When I was in grade school, I wasn't a frequent reader of The Magic School Bus books, instead preferring to bury myself in the far less educational exploits of The Babysitters' Club. I did, however, pick up enough about them to know that reading the books are much more entertaining than playing The Magic School Bus: Oceans, Scholastic's new DS game. This game is a wildly repetitive experience that might be able to briefly entertain gamers in early grade school, but kids past first or second grade would be better off just learning about oceans from a book .
The gameplay in The Magic School Bus: Oceans is by far the title's biggest problem. At the start of the game, the slow-paced minigames don't seem like a bad way to convey fish-centric information. All of the games, which are easy enough for even the youngest player to pick up on, are based around some some sort of fun fact around sea creatures. Whether they're stress-free takes on Pac-Man, simple
racing games, or image tracing, the games are decent enough to entertain kids for one or two rounds and actually have some educational value. As the game wears on, however, the endless repetition of a very small number of minigames wears all of that away. The fun facts start to run together into a giant pile of flatly drawn fish collecting tiny yellow dots and multiple choice questions about the size of a squid's eyeball. Rather than being educational, the game becomes so based on rote repetition that, gameplay-wise, it's more efficient to skip the informational sections altogether, which isn't at all good in a game intended to teach.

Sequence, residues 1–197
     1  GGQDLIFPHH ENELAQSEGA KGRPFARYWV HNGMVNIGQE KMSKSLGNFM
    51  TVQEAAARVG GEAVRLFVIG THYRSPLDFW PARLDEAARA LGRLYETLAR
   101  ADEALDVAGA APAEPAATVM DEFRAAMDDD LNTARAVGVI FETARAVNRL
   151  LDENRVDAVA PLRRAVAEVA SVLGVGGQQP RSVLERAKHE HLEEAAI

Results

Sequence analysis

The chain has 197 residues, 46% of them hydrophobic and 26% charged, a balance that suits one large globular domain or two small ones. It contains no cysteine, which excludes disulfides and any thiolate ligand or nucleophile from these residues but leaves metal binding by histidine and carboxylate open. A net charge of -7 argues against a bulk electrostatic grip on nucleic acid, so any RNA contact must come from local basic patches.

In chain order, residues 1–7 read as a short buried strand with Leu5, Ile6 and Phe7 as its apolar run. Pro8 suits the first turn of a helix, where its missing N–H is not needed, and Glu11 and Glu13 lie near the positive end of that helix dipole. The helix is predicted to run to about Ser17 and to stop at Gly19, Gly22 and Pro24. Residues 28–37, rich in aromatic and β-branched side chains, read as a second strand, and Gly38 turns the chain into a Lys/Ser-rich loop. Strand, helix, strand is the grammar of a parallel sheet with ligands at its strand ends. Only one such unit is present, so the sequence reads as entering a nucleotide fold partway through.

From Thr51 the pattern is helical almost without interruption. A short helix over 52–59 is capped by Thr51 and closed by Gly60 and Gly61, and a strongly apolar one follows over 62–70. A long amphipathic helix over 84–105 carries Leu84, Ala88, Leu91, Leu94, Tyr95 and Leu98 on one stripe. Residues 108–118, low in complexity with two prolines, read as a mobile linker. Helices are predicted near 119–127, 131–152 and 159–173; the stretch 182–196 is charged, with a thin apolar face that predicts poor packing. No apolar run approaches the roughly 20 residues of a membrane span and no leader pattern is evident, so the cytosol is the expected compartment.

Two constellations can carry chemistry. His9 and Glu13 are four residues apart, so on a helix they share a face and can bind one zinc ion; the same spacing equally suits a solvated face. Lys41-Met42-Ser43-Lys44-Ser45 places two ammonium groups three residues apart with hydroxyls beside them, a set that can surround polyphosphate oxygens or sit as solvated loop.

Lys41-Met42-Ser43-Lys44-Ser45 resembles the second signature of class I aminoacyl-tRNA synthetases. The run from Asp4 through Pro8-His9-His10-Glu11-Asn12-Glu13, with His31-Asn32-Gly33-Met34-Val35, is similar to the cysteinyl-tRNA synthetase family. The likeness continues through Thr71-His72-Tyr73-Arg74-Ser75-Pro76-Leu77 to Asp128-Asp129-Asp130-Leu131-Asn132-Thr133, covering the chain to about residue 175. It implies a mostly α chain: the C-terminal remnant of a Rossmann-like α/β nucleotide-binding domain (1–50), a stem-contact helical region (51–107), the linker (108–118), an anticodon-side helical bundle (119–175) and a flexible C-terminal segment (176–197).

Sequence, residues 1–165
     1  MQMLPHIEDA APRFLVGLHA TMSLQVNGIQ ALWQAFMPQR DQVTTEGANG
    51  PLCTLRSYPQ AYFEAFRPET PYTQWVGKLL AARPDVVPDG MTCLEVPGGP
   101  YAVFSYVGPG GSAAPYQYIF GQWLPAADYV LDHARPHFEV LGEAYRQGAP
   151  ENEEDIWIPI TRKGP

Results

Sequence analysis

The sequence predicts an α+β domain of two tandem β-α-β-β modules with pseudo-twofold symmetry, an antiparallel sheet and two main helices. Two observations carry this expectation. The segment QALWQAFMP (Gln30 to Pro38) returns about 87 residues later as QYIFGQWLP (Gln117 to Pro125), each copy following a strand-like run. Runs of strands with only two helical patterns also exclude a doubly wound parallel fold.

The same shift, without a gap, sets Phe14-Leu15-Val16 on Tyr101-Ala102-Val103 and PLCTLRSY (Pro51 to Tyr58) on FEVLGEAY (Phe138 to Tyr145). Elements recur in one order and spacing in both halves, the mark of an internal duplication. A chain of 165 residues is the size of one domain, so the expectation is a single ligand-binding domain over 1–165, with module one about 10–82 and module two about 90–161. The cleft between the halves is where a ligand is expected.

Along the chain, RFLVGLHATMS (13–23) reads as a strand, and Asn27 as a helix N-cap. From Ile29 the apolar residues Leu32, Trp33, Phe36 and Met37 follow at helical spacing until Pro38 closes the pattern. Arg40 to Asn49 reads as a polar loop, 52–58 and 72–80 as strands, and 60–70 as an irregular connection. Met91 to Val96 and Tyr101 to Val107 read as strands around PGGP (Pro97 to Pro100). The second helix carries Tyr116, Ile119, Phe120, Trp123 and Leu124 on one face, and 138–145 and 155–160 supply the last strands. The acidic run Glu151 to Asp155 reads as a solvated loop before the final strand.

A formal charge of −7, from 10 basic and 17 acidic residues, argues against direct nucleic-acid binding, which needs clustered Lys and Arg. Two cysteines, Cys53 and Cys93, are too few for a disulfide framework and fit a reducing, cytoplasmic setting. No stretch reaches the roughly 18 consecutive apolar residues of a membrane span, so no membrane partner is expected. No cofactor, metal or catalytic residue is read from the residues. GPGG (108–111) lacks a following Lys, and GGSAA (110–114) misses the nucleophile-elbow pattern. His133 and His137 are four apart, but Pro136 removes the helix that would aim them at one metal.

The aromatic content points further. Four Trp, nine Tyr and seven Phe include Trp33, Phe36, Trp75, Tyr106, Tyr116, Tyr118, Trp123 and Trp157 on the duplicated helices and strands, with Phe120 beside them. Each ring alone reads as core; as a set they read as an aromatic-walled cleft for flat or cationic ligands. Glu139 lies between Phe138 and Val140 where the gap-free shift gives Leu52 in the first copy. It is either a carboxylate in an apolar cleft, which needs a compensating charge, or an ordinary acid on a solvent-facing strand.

The sound and graphics in this game are about at the same level as the gameplay. The bright and flat 2D graphics look a little like something that would have been on the 3DO, which doesn't exactly lend it a state of the art look. It does, however, look like a simplified version of the book illustrations and TV show, so in a way, the minimalistic graphics are appropriate. The sound isn't really any better, but it's also not any worse. Everything in the game is narrated, which is very helpful for players who haven't yet learned how to read. The narrator, however, is gratingly energetic and pieced together like a phone tree, which has a very strange effect. Thankfully, however, his voice drowns out the chirpy music, so it does have its benefits.
As a whole, The Magic School Bus: Oceans might be a good purchase for very young gamers who are interested in sea life or devoted fans of The Magic School Bus. It's easy to play and has enough information to justify it as a genuinely educational title. Thanks to the game's repetitive nature and short length, however, gamers any older than that would be better served by just sitting down and reading about the ocean for their educational needs.